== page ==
From almost the beginning of his administration, I have not been a fan of NFL Commissioner Roger Goddell. I certainly hope that he is a good and decent man, and I believe that he works hard and sincerely believes in the work he does.
The NFL reigns atop the sports world in particular and the tv ratings in general. One might hope that they would enjoy the fruits of their spoils. After all, no one lives forever. But this is not happening, and that should not surprise us.
Dominant empires often become more touchy, not less, more antsy to defend its territory, less able to enjoy what they have. Athens dominated the Mediterranean, but could not bend even a smidge after they put Sparta in a tough spot prior to the Peloponnesian War. In a memorable passage from Thucydides, Pericles states,
I would have none of you imagine that he will be fighting for a small matter if we refuse to annul the Megarian decree, of which they make so much, telling us that its revocation would prevent the war. You should have no lingering uneasiness about this; you are not really going to war for a trifle. For in the seeming trifle is involved the trial and confirmation of your whole purpose. If you yield to them in a small matter, they will think that you are afraid, and will immediately dictate some more oppressive condition; but if you are firm, you will prove to them that they must treat you as their equals.
Sometimes, this “firmness” leads to “disaster,” as it did for Athens, as it did to Rome with Hannibal over Saguntum, as it did with Napoleon and Russia, and so on. The great power and wealth empires accumulate seems, by evil magic, to force them to believe that any concession on anything will make them lose all. Pericles demonstrated this very attitude. He told Athens,
Nor is it any longer possible for you to give up this empire … Your empire is now like a tyranny: it may have been wrong to take it; it is certainly dangerous to let it go.
Thus, their power traps them into rigidity, which in time, brings them down. They think in one direction. The cry is always “onward,” which bloats them unnecessarily. The NFL parodies such empires with their recent move to Thursday night games all season long. Imperial overstretch might be just around the corner.
Alas for NFL fans, Roger Goddell shows some of the same symptoms that afflicted Pericles and other leaders of dominant empires. The NFL Players Association did not help matters by signing away tremendous power to him in the recent collective bargaining agreement, and with this power he has become quite touchy. The exhibits, please. . .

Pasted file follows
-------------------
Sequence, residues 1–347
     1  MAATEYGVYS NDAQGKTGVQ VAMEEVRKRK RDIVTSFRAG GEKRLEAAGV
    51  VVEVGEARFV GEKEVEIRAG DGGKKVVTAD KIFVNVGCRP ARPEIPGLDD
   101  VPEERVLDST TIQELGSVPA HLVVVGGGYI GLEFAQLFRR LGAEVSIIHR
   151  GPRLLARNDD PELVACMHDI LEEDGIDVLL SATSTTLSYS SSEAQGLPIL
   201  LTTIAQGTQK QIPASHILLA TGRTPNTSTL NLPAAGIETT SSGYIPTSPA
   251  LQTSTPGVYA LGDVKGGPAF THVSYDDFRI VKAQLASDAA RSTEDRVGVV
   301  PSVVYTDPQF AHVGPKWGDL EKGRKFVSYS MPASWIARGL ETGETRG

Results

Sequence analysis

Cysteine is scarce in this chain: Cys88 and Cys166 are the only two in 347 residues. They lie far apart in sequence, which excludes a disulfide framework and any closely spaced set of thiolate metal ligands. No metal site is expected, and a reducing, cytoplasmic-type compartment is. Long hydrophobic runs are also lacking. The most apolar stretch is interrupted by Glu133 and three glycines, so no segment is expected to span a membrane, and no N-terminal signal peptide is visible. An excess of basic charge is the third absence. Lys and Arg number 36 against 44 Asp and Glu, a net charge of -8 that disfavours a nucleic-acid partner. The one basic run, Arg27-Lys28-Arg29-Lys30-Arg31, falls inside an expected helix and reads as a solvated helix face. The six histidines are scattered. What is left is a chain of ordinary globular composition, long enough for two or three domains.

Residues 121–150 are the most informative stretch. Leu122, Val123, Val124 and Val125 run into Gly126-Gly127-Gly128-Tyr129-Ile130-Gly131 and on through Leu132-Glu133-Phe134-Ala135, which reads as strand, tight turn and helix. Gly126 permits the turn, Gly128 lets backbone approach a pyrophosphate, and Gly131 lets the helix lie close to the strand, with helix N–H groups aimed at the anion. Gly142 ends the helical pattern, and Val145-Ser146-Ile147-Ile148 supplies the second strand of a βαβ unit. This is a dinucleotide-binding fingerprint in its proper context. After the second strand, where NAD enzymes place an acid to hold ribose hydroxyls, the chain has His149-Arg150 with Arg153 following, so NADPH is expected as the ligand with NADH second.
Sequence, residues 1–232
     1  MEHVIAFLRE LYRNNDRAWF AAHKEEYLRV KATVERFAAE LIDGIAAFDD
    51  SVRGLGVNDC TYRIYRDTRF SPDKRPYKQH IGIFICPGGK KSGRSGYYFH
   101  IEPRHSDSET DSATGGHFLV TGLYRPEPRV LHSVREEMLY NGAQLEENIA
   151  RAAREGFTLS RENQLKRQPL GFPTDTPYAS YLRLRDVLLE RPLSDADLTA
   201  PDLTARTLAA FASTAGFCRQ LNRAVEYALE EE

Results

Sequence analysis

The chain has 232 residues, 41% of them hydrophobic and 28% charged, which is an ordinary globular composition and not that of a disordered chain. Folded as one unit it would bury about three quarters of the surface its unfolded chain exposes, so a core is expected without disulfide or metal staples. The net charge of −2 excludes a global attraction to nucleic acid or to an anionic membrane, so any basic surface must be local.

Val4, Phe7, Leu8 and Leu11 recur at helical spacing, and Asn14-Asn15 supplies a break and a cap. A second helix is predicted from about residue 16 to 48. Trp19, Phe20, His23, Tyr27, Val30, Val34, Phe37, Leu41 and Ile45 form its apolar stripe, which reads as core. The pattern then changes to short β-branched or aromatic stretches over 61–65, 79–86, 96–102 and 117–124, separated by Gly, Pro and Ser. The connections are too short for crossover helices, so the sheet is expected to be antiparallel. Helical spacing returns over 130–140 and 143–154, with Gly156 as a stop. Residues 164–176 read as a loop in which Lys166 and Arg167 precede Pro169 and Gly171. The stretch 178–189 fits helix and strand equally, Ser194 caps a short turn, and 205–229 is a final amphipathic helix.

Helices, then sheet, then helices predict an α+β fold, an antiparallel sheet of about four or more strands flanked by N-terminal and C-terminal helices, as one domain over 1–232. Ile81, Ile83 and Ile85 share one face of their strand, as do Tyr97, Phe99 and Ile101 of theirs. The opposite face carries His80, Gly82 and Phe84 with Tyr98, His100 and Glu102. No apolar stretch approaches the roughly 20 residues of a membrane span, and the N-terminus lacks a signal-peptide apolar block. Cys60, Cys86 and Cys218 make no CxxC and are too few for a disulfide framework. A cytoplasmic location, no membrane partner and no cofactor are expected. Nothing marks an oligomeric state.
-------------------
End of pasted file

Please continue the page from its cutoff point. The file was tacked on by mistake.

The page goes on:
- The Replacement Refs — Despite all the talk of player safety, Goddell has decided to use inexperienced referees rather than pony up a few million. It’s not as if the regular referees are holding the league hostage to unreasonable demands. The substance of their complaint seems entirely reasonable, as they just want to keep their previously existing pensions recently eliminated by the NFL.
- The retroactive punishment of Jerry Jones and Dan Snyder
- The arbitrary punishments of players with no due process. Thankfully, some of the punishments of Saints players has recently been overturned.
Goddell is not the first sports commissioner to face the perils of unchallenged power. Years ago baseball stood atop the American sports landscape in a more dominant position than football is today, though admittedly it was not as lucrative. When baseball faced the “Black Sox Scandal” after the 1919 World Series, they hired the iron-willed federal judge Kensaw Mountain Landis. Almost all agree that Landis helped drastically curtail gambling in baseball, restoring its image. Almost all also agree that Landis went too far in his ban of Shoeless Joe Jackson, a classic and expected overreaching of power to make a “point.”
After the Sox scandal settled, Landis continued to overreach and attempted to ban players from barnstorming in the off-season. But he had the good sense to know when he was beaten. Babe Ruth challenged the ban and played in off-season games (famously quipping that, “the old man can go jump in a lake”). But Landis backed down in the end of his own accord. He recognized that there were certain crusades he could not fight.
We shall see if Goodell has it in him to do the same thing. He has put a great deal of focus on the league’s image regarding player safety. The problems with the replacement refs, however, are multiplying quickly, and soon the games themselves will become meaningless. If a handful of league stars would strike in the interest of player safety, the lockout would be settled in short order.
I am pulling for Goodell and the owners to transform themselves, to put substance before image. The well being of the NFL Empire may depend on it.